If the Managing Principal of your firm walked in your office tomorrow and said, “I think we ought to look into marketing automation,” what look might I find on your face? The look of a casual hiker who just bumped into a six foot brown bear? Or, the look of a calm, collected marketer that’s already done some due diligence on the topic and is ready to seize the opportunity to get an advocate for a much needed investment in your firm’s marketing approach? For most middle market A/E, consulting and accounting firms, I’m guessing the answer would be somewhere in the middle.
This month’s article intends to shed a little light on the technology as a lead-in to our 2-part webinar series on Marketing Automation.
A Little Background on Automation
After content marketing, marketing automation is probably the hottest topic in B2B marketing over the last 12 months. According to Google Trends, searches on the phrase have doubled in the past two years. But, believe it or not marketing automation software has been around for quite a long time. In fact, the technology first emerged in a significant way during the late 90’s dot-com explosion. But, up until recently, the cost of the technology made it pretty much prohibitive to most middle market firms and small businesses. The emergence and adoption of more affordable options such as Hubspot and ActOn has driven a groundswell of interest in the last 24 months.
Automation Drives to the Heart of Marketing
The essence of marketing is really about delivering the right message to the right person at the right time. This idea is, of course, not new. Marketing pundits like Seth Godin and Al Ries have been talking about it for decades in many different ways with many different constructs, but the concept, without automation, is really nothing more than an idea. Without automation, identifying the right people and delivering a relevant message to them at the right time is virtually impossible. Importantly, automation is also the essential tool for creating meaningful insights for both your marketers and your business developers from this process.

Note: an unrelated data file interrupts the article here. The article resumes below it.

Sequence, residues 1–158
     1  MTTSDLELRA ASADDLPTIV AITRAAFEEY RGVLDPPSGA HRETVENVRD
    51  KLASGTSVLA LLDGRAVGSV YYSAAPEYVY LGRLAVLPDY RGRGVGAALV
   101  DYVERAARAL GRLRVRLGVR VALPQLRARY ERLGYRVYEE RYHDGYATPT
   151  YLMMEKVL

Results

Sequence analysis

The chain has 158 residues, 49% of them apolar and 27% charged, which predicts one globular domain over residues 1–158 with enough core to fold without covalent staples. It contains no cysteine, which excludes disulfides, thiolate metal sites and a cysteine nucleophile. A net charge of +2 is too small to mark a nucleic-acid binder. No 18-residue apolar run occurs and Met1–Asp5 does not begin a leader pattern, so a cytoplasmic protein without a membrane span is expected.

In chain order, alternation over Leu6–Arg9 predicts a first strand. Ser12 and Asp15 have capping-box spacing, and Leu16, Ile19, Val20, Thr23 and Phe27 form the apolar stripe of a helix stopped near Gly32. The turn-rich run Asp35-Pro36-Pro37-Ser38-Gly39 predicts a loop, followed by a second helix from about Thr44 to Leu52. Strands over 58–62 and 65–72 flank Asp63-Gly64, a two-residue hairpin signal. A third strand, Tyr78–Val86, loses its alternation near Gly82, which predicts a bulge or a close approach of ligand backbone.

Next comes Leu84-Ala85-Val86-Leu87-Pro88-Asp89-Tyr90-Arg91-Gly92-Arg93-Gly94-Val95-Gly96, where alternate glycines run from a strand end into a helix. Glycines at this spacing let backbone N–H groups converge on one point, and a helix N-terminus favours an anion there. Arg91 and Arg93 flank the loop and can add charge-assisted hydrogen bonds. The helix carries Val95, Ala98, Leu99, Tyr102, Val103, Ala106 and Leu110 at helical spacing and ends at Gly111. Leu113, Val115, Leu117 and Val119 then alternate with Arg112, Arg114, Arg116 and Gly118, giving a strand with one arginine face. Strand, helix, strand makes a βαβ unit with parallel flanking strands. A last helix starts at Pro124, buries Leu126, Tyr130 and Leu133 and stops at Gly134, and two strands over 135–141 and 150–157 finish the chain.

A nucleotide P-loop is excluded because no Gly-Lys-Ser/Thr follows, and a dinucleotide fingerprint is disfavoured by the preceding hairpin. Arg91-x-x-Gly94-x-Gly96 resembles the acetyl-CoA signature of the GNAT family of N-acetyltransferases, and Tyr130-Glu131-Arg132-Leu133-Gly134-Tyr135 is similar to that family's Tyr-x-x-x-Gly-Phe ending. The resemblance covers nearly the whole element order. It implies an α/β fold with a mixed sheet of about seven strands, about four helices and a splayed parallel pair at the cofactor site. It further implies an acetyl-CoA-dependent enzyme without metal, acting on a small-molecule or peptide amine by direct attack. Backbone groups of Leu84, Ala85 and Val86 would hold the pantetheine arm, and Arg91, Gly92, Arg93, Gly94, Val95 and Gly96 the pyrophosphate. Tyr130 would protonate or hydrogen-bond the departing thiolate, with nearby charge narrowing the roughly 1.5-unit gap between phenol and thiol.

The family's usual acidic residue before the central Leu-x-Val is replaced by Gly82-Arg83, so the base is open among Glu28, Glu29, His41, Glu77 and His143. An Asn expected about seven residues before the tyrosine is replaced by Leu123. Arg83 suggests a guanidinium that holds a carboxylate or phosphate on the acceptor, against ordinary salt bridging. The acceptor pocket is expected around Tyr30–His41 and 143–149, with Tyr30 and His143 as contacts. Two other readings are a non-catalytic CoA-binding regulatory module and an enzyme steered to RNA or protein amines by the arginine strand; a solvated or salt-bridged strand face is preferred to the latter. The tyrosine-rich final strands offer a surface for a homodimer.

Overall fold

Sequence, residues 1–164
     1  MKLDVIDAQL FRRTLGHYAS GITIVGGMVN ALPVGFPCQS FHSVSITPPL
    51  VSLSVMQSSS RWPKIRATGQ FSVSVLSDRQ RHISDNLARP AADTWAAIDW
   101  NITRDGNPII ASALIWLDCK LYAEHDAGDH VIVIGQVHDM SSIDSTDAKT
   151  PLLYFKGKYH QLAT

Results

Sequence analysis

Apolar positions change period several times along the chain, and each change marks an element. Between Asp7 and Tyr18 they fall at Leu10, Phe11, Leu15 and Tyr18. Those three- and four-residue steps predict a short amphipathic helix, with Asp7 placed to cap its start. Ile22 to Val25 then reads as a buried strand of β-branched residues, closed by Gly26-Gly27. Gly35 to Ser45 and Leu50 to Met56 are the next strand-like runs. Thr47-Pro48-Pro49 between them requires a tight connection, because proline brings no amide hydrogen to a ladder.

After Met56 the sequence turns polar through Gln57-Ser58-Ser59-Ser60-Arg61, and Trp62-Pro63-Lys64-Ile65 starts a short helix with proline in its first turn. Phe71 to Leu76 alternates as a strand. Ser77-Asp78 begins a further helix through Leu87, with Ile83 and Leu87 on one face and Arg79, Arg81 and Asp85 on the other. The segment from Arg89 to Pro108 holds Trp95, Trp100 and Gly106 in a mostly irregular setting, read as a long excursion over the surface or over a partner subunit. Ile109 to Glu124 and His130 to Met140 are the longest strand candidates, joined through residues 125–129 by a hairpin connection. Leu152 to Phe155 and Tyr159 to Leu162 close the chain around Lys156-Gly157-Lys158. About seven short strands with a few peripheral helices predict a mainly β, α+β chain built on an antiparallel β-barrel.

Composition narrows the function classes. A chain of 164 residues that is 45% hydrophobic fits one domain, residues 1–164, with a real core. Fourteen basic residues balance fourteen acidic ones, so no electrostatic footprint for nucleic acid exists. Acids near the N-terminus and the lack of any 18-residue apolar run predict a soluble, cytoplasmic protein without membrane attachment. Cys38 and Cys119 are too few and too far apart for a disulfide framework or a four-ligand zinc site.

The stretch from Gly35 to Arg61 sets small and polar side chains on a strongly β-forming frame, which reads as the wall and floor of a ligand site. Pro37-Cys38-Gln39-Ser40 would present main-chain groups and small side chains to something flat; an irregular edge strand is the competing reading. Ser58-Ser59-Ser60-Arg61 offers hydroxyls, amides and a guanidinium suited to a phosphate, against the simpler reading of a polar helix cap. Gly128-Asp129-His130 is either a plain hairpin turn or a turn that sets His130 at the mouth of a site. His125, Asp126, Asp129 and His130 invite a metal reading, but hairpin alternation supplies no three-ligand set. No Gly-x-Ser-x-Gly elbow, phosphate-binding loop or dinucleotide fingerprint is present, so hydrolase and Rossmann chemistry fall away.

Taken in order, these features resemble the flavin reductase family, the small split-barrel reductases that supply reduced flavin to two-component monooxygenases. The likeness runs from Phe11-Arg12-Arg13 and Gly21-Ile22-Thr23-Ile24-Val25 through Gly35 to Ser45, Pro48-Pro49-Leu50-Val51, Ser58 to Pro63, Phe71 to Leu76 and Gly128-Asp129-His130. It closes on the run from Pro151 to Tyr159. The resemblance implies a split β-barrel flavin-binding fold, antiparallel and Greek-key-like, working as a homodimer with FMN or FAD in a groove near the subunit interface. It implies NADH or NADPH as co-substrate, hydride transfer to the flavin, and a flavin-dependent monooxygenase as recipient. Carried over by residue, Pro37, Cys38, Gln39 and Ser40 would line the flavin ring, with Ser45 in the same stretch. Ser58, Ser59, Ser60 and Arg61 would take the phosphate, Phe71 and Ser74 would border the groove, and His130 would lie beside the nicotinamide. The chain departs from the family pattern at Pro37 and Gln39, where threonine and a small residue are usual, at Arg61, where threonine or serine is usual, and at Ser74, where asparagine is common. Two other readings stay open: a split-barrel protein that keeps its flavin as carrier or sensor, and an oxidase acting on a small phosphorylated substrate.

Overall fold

What Automation Is and Isn’t
To start, email marketing and marketing automation are not the same thing. An email marketing solution provides, at best, 5% of the functionality and analytics that a firm can derive from a marketing automation platform. But, to be clear, marketing automation will replace your email marketing software and render it obsolete. Simultaneously, marketing automation will not replace your CRM, but it will help you get a lot more value from it.